We are now already long after Feature Freeze and shortly before User Interface Freeze and the desktop integration has taken longer than expected. Especially also the needs of printer setup tools for the flavors need some additional time. Also GNOME Control Center is undergoing a major UI modernization and we need to merge with it. And for providing the Common Print Dialog backends in Snap, the session D-Bus support in snapd needs to get finally released.

To not do high-impact changes in an LTS we will skip 24.04 LTS and do the switchover in 24.10 at the earliest. For the time being I keep the DEB package as much in sync as possible with Debian’s packages.

I will continue coordinating the desktop integration on the upstream level with my Google-Summer-of-Code contributors and keep in touch with upstream on upcoming conferences (seems that next year I need to also attend Akademy?).

On the Ubuntu side I will concentrate on Ubuntu Core Desktop. This distribution is an immutable all-Snap distribution and requires printing and scanning support via Snap. In addition, it has no flavors (yet) and its first release is not earlier than the 24.04 classic Ubuntu release. So here we have enough time to finish the “Printers” module in GNOME Control Center (and that is all printer setup tool we need), to add CPDB frontend support to the GNOME content provider Snaps, to get the Chromium print dialog CPDB-enabled (perhaps also some others), to assure that Snaps of apps use the desktop portal for printing whenever possible, have the scanning support for Snap (Scanner Applications) ready, having Snap release automation in place …

Then when Ubuntu Core Desktop does its printing and scanning well, we will look into the classic Ubuntu, …

This way we avoid what we have seen with the Firefox Snap in Ubuntu 22.04 LTS and @local-optimum’s (in)famous 4 posts on the Ubuntu blog, which should not get followed by 4 posts by me.

But please, have the CUPS Snap in mind and in the time being I am on it and regularly publishing new stuff for testing, in my PPA and naturally also in Ubuntu Core Desktop. I will keep you posted in the OpenPrinting News.

Sorry for the inconvenience with this attempt to launch the switchover and for any disappointment that we will move out the switchover to later.


Thanks for these explanations.
So, if I do install snap cups stack along deb stack, the snap stack is preferred?

@fthx If you have both DEB and Snap of CUPS installed, your print environment is managed by the DEB, the Snap switches into the so-called proxy mode, working as a firewall for your DEB CUPS, so that applications installed from the Snap store cannot mess up your system’s CUPS.


I installed Mantic from the new ISO Ubuntu 23.10 “Mantic Minotaur” - Daily amd64 (20230825)
with cups .deb and i’m still unable to install a printer with gnome-control-center.

Problem solved installing from: Ubuntu 23.10 “Mantic Minotaur” - Daily amd64 (20230904.2)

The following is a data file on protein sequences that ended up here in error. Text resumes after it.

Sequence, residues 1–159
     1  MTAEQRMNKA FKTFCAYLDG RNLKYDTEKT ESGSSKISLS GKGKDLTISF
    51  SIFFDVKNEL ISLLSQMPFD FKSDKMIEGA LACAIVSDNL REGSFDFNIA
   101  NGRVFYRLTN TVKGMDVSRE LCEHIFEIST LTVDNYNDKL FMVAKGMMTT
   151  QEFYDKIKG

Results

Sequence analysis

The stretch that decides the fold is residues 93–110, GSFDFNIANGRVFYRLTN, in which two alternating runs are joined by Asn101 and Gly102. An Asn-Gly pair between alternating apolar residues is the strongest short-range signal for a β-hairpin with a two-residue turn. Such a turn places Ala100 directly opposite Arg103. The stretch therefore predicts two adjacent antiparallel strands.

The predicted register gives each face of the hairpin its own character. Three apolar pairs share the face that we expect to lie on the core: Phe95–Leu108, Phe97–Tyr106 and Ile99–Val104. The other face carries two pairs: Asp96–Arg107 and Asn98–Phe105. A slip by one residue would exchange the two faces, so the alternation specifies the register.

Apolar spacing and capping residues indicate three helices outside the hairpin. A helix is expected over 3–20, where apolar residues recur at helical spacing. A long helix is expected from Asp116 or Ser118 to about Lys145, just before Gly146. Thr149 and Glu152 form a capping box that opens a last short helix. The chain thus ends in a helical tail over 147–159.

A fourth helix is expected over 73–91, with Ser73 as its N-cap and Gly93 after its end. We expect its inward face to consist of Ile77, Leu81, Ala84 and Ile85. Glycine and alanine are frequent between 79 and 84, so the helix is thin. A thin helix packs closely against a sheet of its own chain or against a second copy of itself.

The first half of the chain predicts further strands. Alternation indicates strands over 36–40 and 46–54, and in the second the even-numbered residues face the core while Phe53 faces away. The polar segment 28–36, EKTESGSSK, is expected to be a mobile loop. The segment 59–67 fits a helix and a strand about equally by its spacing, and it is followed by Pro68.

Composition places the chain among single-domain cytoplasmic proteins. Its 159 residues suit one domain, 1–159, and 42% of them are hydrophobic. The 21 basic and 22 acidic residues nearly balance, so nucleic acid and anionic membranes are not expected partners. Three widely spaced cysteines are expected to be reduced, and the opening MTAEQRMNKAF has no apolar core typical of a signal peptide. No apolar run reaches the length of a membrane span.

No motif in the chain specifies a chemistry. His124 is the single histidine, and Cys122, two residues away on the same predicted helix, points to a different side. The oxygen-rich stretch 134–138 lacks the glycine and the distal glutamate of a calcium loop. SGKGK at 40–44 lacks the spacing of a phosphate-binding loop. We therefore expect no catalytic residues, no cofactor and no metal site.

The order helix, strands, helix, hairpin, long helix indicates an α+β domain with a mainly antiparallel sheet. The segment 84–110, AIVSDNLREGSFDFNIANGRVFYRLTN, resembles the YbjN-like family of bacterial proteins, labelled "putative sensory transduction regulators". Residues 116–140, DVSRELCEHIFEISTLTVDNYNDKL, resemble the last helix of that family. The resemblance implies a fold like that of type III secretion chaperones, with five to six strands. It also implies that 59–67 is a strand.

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I may have missed something: every time I remove CUPS snap, it comes back maybe one day or two after. What causes this?

Perhaps it likes you very much ? :joy:


The CUPS Snap is used by any user application Snap which has print functionality, like LibreOffice or the Chromium browser for example. These Snaps plug the cups interface and this interface is provided by the CUPS Snap. Therefore they install the CUPS Snap as a dependency (a so-called content provider Snap, the same mechanism as GNOME or KDE apps install the respective library content provider Snap for GNOME or KDE).

If you have a classic CUPS (in Ubuntu via DEB packages) installed, the auto-added CUPS Snap goes into proxy mode, to work as a firewall to protect your system’s CUPS against user application Snaps doing something nasty (messing up your CUPS queues, spying on print jobs of other users).

So do not worry about a CUPS Snap being installed on your system, it is not your daily-driver CUPS managing your printers.

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Ok! So why my lovely CUPS snap is allowed to be removed?
Maybe it’s a deb-based argument but I don’t understand here why I was allowed to remove CUPS snap since some of my snaps depend on it. Is that what you mean with “content provider” ?

snaps do not have hard dependencies, I could fork and create a cups-ogra snap with a shiny patched cups version inside that magically operates 10x faster… this snap would then be able to be switched out against tills official cups snap without your apps noticing… this concept is for example used in the steam snap where you can replace multiple Mesa versions with different optimizations by switching channels of the graphics-core22 snap that provides the graphics drivers through a content interface.

That removing the last remaining content provider does not at least spill a warning should indeed be treated as a bug though, you should file it…